Diabetes – What is Diabetes?
Diabetes is a serious illness that affects millions of people every year. It occurs when the body is unable to produce enough insulin or use the insulin that it does have effectively.
Exercise, diet and medications can all help in preventing or delaying the development of the disease. It’s also crucial to be aware of the symptoms so you can tell what’s wrong and seek treatment.
What is diabetes?
Diabetes is an ongoing (long-lasting) health condition that affects the way your body converts food into energy. It occurs when your pancreas doesn’t produce enough insulin or can’t use it as well as it should.
Insulin is a hormone that helps your cells absorb and use sugar, which is known as glucose. People with type 2 diabetes do not produce enough insulin or their bodies don’t make it work properly.
In both types of diabetes, the blood sugar levels can become too high in time. This can cause problems with your feet, eyes and kidneys. It could also cause damage to blood vessels in your heart and brain.
Type 1 diabetes
Type 1 diabetes is caused by an autoimmune reaction which means that your immune system attacks the pancreatic cells that produce insulin, and destroys them. The process of destruction can last for many years or months until it eventually leads to the complete absence of insulin.
People with type 1 diabetes need to take insulin every day. They must also monitor their blood sugar levels and adjust their insulin, food and activity levels to keep their blood glucose within the healthy range.
Type 2 diabetes
If you have type 2 your body isn’t making the insulin it needs to. Insulin is a hormone which helps your cells to remove blood sugar (glucose) out of your blood and into your cells, where it can be used as energy.
Type 2 diabetics have to exercise and eat a healthy diet. They may also have to take medications to control their blood sugar levels.
Signs of women having diabetes
Diabetes is a chronic illness that affects all races, ethnic groups as well as ages and genders. However, women are at a higher risk than males.
Women with diabetes are at a greater risk chance of developing complications compared to men, including heart disease (the most frequent diabetes complication) and vision loss.
Polydipsia can be a warning sign for women suffering from diabetes. This is because diabetes can cause excess sugar to accumulate in your blood, and your kidneys cannot filter it out.
The signs of diabetes in men
In the case of diabetes the cells are unable to make use of blood sugar (glucose) to generate energy. This is typically because the pancreas stops producing enough insulin.
This can result in high blood glucose levels. Your body will then try to lower these levels by flushing the excess glucose from your bloodstream via urine.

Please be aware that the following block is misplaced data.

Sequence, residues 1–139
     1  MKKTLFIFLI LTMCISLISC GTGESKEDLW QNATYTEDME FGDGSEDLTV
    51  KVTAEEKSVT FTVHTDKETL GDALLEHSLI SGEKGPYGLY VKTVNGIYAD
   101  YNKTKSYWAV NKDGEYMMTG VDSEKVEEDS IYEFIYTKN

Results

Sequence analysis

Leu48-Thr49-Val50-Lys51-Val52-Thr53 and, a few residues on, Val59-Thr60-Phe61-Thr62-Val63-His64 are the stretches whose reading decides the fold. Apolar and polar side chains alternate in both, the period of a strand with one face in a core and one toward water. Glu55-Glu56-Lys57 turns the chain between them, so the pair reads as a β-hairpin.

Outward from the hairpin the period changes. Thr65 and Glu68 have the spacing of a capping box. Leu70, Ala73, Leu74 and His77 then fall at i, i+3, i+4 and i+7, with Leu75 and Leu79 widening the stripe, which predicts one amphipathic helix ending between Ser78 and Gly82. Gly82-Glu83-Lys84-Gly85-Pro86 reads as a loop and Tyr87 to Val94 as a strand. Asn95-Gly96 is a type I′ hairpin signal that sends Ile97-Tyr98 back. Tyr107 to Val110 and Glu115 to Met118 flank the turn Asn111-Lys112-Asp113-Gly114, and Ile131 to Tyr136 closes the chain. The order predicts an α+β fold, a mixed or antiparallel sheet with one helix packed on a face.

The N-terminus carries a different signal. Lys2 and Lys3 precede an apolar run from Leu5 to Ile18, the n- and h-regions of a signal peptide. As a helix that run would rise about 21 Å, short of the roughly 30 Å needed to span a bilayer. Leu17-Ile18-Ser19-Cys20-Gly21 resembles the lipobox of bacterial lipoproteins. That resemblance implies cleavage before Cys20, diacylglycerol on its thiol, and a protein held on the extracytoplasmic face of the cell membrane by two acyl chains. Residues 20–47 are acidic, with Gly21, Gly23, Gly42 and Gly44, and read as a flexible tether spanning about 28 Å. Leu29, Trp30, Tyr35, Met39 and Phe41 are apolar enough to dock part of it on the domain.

People with diabetes are typically thirsty, and they have to drink plenty of fluids.
Men may also experience weight loss as their bodies break down muscle for energy, instead of fat. This is due to the fact that their blood sugar level remains high for extended periods of time.
Making a balanced diabetes diet is a vital aspect of managing your condition. It can help you control blood sugar levels, manage weight and reduce the risk factors that can lead to heart disease.
Your diet should comprise plenty of whole foods, including fruits whole grains, vegetables as well as beans and dairy that is low in fat. It should be low in added sugars and saturated fats (unhealthy).
You may be advised to limit your consumption of sweetened drinks with sugar. These drinks usually contain high levels of sugar in them that can cause high blood sugar levels.
Your doctor may recommend diabetes medications to keep your blood glucose (blood sugar) levels within the normal range. These medications are typically used with lifestyle changes like exercising and diet to help you manage your diabetes.
If your blood sugar is not well controlled with one medication, you might need to take a different medication. Your doctor will guide you to determine the most appropriate medicine for your preferences and needs.
Newer medicines, such as sodium-glucose cotransporter-2 inhibitors and glucagon-like peptide-1 receptor antagonists, lower blood sugar and offer benefits for the kidneys and cardiovascular system, while decreasing the risk of complications. They’re also helpful for weight loss and are available in tablet and injectable forms.